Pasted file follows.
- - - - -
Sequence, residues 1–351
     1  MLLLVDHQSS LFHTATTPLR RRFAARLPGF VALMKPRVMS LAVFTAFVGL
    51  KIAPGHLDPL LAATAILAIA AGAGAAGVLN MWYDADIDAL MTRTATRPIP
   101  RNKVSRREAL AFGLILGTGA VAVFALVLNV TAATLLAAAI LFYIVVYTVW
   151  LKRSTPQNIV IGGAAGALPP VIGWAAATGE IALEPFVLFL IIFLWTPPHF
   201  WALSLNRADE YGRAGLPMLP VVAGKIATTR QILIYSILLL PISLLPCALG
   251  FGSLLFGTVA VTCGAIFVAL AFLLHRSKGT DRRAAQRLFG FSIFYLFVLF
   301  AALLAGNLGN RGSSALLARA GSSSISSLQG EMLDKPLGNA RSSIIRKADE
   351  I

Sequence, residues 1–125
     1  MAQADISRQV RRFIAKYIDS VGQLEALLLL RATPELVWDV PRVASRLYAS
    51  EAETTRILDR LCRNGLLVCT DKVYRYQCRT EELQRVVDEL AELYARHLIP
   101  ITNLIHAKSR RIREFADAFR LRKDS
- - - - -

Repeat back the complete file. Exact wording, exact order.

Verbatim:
Sequence, residues 1–351
     1  MLLLVDHQSS LFHTATTPLR RRFAARLPGF VALMKPRVMS LAVFTAFVGL
    51  KIAPGHLDPL LAATAILAIA AGAGAAGVLN MWYDADIDAL MTRTATRPIP
   101  RNKVSRREAL AFGLILGTGA VAVFALVLNV TAATLLAAAI LFYIVVYTVW
   151  LKRSTPQNIV IGGAAGALPP VIGWAAATGE IALEPFVLFL IIFLWTPPHF
   201  WALSLNRADE YGRAGLPMLP VVAGKIATTR QILIYSILLL PISLLPCALG
   251  FGSLLFGTVA VTCGAIFVAL AFLLHRSKGT DRRAAQRLFG FSIFYLFVLF
   301  AALLAGNLGN RGSSALLARA GSSSISSLQG EMLDKPLGNA RSSIIRKADE
   351  I

Sequence, residues 1–125
     1  MAQADISRQV RRFIAKYIDS VGQLEALLLL RATPELVWDV PRVASRLYAS
    51  EAETTRILDR LCRNGLLVCT DKVYRYQCRT EELQRVVDEL AELYARHLIP
   101  ITNLIHAKSR RIREFADAFR LRKDS